BASF to develop 350-mile e-car 'super battery'
Lithium-sulphur to rain on lithium-ion from great height
Leccy Tech German firm BASF and US company Sion Power have agreed to co-develop a battery technology with the potential to deliver five times the capacity of a conventional lithium-ion battery of the same size.
The battery is based on lithium-sulphur chemistry, which Sion’s been tinkering with for some time. Now it's time to take the technology and put it to practical use.
Enter BASF, and a partnership designed to “accelerate the commercialisation of Sion Power’s proprietary lithium-sulphur battery technology... for the electric vehicle market”.
Should we care? Yes, because Li-S batteries are said to have a very high specific energy density, roughly 2600Wh/kg. They're also said to perform better than lithium-ion batteries at low temperatures, and are made from cheaper and less toxic raw materials.
There are catches. Cycle life has always been one of the traditional problems with Li-S batteries. A 2600Wh/kg battery is a great idea on paper – but not if it will only take a charge 150 or 200 times before giving up the ghost.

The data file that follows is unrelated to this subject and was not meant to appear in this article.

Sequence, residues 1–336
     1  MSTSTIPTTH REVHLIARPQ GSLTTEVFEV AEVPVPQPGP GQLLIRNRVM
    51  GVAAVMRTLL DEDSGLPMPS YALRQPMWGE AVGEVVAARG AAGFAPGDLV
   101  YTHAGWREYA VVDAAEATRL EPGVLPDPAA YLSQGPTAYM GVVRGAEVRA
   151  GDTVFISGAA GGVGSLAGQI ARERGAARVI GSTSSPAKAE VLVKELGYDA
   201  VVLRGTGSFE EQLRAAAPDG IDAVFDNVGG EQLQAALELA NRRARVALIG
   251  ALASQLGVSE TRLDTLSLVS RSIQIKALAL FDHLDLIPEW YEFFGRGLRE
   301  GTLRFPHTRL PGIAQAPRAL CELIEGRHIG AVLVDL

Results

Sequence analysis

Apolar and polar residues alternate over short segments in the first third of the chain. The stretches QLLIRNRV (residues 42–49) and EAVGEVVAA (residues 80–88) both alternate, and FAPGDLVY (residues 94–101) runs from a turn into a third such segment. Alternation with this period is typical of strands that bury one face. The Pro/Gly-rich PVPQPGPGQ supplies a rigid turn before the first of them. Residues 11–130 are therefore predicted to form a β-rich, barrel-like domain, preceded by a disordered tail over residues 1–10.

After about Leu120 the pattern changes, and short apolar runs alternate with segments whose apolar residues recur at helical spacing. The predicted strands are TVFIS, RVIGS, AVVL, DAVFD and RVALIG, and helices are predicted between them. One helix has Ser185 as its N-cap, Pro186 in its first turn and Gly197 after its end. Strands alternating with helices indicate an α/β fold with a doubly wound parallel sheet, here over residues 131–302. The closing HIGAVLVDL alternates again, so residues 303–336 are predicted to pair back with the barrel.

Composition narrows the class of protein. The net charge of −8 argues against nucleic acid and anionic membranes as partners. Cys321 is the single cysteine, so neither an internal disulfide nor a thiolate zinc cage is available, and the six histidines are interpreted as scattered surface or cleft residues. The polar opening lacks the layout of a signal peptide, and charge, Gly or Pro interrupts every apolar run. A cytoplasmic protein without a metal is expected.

This is BASF's role: to help address the lifespan problem while Sion continues working on upping the battery’s energy density.
Even a 500Wh/kg Li-S battery with a Li-ion life cycle would provide more than twice the energy density of existing EV batteries. This would open up the possibility of e-cars chugging for 350 miles, or further, on a single charge.
When it'll happen is anyone's guess - no further details about the project’s timescale have been released. ®
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